College Hockey:
RIT Cruises Past AIC

Tigers Net Eighth Short-Handed Goal

— The short-handed kings struck again. RIT scored their nation-leading eighth short-handed goal en route to a 6-1 victory over American International College to sweep the weekend. RIT also went two-for-three on the power play, as they broke the game open with three second period goals.

“We were able to capitalize on our chances,” RIT coach Wayne Wilson said. “The big thing is we want to get better every game.”

The short-handed goal came at 10:12 of the second period, 15 seconds after Cameron Burt was called for elbowing. Bobby Raymond, skating through the right face off circle, put a backhander through Dan Ramirez’s legs.

“I’m more interested in being able to stop power plays,” Wilson said. “But, you get a short-handed goal, it helps get your team going.”

RIT jumped out to a 4-1 lead three minutes later when Sean Murphy smacked in a rebound on the doorstep after Raymond’s shot was stopped.

The pressure on AIC’s goal intensified after those two goals, finally resulting in a power-play goal with 4.3 seconds left to make it 5-1. Jesse Newman snuck it between the post and the goaltender’s legs. Andrew Favot got an assist, extending his point scoring streak to nine games.

RIT had more of jump in their step than the night before starting out the first period. After serving the first penalty of the game, Cameron Burt scored the first goal of the game shortly after coming out of the box. Standing in front of the goal, he redirected a pass from Tyler Brenner at 7:26 of the first period.

RIT’s first power play resulted in a power-play goal, but not before it nearly resulted in a short-handed score. AIC had a two-on-one, but the Yellow Jackets’ forward lost control of the puck after he received the pass, preparing to shoot on net.

The Tigers regained control of the puck, and through a scramble in front of AIC’s net, Matt Crowell extended his point scoring streak to nine games by knocking the puck past Ramirez at 18:07.

“Obviously, we are excited about that line [Crowell, Favot, Newman],” Wilson said. “That line is doing so well.”

Just when it appeared RIT would go into the first intermission up 2-0, AIC cut the lead in half with 9.5 seconds left on the clock. Rody Selk, who had dropped his stick and apparently was forgotten by the RIT defense, snuck in behind the play to create a two-on-one. Chris Campanale carried the puck deep down the right side, passing it back to Selk, who was streaking straight into the slot. Selk easily one-timed it past a helpless Louis Menard.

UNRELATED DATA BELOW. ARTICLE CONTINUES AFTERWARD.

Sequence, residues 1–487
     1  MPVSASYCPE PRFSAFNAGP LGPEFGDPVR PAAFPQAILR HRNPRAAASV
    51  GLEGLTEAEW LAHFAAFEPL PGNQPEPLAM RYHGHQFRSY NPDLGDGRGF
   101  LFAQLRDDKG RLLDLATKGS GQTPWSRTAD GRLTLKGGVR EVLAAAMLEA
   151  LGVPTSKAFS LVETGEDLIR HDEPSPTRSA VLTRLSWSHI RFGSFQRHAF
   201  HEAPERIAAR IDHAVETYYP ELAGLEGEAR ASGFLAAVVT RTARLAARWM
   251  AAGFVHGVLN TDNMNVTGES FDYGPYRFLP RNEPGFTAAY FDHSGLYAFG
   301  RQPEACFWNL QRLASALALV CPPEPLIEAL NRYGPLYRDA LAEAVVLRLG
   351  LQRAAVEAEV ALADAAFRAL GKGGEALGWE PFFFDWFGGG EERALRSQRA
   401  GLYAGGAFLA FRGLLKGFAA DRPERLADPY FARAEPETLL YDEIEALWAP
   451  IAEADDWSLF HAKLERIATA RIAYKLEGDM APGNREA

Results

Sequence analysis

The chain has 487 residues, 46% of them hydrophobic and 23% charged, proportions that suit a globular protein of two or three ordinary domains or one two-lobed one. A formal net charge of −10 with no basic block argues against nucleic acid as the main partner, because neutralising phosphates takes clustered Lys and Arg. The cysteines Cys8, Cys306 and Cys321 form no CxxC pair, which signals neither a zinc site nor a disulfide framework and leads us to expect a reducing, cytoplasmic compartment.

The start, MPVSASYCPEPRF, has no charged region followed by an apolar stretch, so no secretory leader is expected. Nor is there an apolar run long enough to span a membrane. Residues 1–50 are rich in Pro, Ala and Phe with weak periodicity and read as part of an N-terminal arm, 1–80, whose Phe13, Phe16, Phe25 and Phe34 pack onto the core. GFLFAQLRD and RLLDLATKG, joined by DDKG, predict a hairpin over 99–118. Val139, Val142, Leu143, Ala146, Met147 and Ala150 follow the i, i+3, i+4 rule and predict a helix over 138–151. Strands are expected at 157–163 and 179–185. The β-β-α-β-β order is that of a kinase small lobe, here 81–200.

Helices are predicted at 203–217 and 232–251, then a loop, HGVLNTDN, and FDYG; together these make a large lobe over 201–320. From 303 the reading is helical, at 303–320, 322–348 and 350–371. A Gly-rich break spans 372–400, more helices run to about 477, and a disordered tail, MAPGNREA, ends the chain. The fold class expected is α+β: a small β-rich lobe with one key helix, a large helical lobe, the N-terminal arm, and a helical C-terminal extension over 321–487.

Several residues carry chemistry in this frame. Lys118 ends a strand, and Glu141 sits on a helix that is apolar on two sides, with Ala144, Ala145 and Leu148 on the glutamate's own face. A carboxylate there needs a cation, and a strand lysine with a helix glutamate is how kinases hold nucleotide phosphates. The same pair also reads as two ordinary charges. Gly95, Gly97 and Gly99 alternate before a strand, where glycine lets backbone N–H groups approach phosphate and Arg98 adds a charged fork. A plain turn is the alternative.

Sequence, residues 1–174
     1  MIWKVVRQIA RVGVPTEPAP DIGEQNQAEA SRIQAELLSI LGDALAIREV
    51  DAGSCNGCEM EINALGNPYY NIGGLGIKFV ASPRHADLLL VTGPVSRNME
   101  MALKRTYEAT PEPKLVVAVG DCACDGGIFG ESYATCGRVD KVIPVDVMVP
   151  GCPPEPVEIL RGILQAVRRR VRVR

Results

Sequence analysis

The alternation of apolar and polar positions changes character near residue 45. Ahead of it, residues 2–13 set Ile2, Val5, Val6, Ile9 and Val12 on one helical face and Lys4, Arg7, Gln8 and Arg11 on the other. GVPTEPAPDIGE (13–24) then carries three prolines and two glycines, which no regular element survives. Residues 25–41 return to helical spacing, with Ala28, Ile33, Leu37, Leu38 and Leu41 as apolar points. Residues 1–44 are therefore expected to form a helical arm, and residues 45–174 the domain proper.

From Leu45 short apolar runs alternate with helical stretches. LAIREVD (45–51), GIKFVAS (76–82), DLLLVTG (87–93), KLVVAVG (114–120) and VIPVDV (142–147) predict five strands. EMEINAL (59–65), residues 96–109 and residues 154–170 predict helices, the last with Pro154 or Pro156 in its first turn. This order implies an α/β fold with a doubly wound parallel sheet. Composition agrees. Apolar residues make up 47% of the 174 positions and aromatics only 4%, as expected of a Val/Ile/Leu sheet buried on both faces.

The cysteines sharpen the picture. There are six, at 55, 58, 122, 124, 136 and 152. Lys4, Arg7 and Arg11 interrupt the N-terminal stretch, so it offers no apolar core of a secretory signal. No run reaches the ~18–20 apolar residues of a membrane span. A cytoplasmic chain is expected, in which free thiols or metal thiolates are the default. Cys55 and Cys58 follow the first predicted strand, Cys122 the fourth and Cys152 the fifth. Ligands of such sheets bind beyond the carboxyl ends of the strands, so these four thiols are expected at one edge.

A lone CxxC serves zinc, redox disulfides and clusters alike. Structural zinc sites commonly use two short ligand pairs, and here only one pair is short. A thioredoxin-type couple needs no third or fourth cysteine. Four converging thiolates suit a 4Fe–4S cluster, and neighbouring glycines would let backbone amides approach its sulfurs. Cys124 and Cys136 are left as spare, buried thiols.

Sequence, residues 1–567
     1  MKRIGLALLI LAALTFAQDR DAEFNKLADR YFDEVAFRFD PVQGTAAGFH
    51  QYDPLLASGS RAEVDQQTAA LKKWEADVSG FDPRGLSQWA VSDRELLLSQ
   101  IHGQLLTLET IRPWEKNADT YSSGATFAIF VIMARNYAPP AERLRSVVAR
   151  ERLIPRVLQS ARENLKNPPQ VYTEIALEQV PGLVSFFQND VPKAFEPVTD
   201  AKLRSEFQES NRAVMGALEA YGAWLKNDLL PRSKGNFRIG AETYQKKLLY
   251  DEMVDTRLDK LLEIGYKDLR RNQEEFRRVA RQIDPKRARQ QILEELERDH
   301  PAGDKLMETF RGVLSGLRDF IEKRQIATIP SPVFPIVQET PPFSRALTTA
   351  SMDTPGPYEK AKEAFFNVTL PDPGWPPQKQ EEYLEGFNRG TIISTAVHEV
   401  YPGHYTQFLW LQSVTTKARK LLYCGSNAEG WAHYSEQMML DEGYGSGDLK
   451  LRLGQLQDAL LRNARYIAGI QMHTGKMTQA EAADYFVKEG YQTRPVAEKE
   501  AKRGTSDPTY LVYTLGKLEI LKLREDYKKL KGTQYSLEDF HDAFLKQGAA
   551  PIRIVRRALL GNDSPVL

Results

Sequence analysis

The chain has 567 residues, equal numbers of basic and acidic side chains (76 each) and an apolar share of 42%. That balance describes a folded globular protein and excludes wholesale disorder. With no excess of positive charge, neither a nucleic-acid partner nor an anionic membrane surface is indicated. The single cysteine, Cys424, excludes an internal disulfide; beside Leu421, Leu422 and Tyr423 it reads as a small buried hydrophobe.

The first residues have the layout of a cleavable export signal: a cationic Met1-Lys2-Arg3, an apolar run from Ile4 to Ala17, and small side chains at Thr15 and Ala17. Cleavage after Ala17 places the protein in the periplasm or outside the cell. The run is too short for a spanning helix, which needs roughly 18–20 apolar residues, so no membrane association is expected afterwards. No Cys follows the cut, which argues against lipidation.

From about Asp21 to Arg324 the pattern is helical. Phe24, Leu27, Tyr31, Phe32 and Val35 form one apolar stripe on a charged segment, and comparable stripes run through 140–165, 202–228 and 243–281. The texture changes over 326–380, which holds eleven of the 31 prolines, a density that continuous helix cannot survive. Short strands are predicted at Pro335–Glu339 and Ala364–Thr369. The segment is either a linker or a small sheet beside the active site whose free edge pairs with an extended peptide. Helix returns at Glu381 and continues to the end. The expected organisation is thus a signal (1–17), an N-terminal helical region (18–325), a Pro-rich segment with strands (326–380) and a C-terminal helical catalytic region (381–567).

AIC replaced Ramirez with Tom Fenton to start the third period. It worked for most of the period, as Fenton held off a consistent RIT attack, making 18 saves, the same number of saves Ramirez had to make through two periods. However, RIT did sneak one through at 17:34 when Stevan Matic scored from a bad angle on the right side to close out the scoring.

“We want to get better in the third period, and not take a lot of penalties and let the game get away,” Wilson said.

Louis Menard made 16 saves for the win before he was replaced with Jan Ropponen with 7:48 left and stopped 5 shots.

AIC (4-18-1, 4-13-0) stays on the road with a Tuesday game at Bentley as the Yellow Jackets attempt to end their 10-game winless streak (0-9-1).

The win guarantees RIT (14-9-1, 13-4-1) at least a first place tie in Atlantic Hockey with Air Force, who has a late game versus Canisius. Air Force has two games in hand. After four straight home games, RIT travels to Buffalo for games against Canisius on Thursday and Sunday, looking to extend their nine-game winning streak, the longest active winning streak in the country.

“I think they got a lot more balance with their team,” Wilson said of Canisius. “We’re trying to pay attention to the small things. We’re not looking at the standings. We’re looking at getting better every game.”

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